Thursday

21 October 2010

"I pray that you may have the power to comprehend, with all the saints, what is the breadth and length and height and depth, and to know the love of Christ." (v.18-19)

Background

In writing today's passage, Paul has been led to a state of worship and prayer - "I bow my knees ... I pray that..." This is because, as he is explaining to the readers of this letter, he believes his ministry to be an outworking of the mystery of God.

The way in which Paul acknowledged God in worship has risen directly out of his belief that God is the god of both Jews and Gentiles (non-Jews) alike. There is a perfect match between what Paul has said he believed about God and how he then came to worship God - the god of all people. Likewise, there was a similar match between what Paul has been saying about Christ and how he prayed.

It is in Christ that Paul has discovered the love of God and this led him to pray that his readers too might come to know the fullness of God's love. For Paul, love was the crown of being in Christ. It began with knowing Christ's love and resulted in a life "rooted and grounded in love". This rooting and grounding in love was not merely a superior human characteristic, or an attitude to be cultivated through one's character; it was possible only through the 'indwelling' of Christ.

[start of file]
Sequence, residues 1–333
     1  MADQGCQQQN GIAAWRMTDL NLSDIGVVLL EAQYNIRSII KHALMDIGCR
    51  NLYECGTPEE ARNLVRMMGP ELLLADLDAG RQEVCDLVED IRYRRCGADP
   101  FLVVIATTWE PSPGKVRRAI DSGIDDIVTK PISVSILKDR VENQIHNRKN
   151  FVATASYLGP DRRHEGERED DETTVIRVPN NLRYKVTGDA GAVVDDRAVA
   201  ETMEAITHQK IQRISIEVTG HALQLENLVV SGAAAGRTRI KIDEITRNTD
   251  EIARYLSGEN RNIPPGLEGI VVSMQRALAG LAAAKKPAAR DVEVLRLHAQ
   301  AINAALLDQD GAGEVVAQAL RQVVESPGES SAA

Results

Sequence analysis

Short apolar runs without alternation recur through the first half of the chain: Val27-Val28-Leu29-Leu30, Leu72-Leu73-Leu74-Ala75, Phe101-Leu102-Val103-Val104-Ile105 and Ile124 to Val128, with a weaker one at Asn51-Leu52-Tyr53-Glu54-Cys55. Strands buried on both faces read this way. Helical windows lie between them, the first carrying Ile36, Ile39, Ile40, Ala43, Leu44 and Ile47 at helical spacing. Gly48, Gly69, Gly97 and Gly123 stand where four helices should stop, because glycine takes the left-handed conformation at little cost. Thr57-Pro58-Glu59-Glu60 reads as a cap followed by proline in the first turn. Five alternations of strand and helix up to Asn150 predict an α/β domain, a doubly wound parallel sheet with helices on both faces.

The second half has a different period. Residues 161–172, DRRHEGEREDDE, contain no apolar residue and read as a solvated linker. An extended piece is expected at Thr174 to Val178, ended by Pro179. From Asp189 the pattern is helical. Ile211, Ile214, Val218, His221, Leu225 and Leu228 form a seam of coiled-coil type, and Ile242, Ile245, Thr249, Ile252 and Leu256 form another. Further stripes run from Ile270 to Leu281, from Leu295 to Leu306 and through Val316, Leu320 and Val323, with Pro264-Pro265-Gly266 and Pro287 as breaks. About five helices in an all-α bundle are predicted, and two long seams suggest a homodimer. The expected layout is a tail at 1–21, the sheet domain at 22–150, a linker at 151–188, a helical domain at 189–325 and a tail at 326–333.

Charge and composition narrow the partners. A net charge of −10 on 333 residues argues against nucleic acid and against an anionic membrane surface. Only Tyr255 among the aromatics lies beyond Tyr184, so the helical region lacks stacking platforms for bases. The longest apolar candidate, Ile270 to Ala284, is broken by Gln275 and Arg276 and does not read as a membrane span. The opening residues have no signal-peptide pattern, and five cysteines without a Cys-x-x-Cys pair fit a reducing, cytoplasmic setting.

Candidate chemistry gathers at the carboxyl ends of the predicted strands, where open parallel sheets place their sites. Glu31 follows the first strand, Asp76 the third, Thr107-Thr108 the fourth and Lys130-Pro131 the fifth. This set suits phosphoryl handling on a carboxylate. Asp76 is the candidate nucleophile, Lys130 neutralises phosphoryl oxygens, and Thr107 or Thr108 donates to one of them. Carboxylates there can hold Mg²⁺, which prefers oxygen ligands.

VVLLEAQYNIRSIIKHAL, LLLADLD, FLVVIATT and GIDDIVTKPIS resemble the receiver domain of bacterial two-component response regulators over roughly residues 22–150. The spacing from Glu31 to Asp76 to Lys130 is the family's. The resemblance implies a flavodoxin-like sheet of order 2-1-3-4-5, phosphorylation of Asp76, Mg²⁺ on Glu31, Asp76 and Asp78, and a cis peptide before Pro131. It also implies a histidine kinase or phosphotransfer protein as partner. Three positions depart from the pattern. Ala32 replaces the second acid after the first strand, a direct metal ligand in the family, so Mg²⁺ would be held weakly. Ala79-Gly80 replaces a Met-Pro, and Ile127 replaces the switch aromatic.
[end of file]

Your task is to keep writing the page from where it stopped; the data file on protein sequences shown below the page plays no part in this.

In speaking about God's work in human lives in this way, Paul used what might later be recognised as 'trinitarian' language: he bowed before the Father; the power for living came through the Spirit; and Christ dwelt in his heart. This passage is a good illustration of how the Church gradually began to express its experience and understanding of God in trinitarian terms. It was a process which took centuries to complete, in formal, agreed language, but its seeds are to be found here in the experience and thinking of Paul as he struggled to find new ways to express a new experience of God. It was fresh experience which led to fresh theology.

To Ponder

Do you struggle to find adequate ways to put into words your experience of God? What do you find helps?

To what exent is the trinitarian language of Father, Son and Spirit an adequate tool for you to express your experience of God?

What contemporary examples come to mind when you hear the words about the breadth and length and height and depth of the love of God?

How do you imagine your life might be filled with all the fullness of God?

Bible notes author: Revd Dr David Calvert

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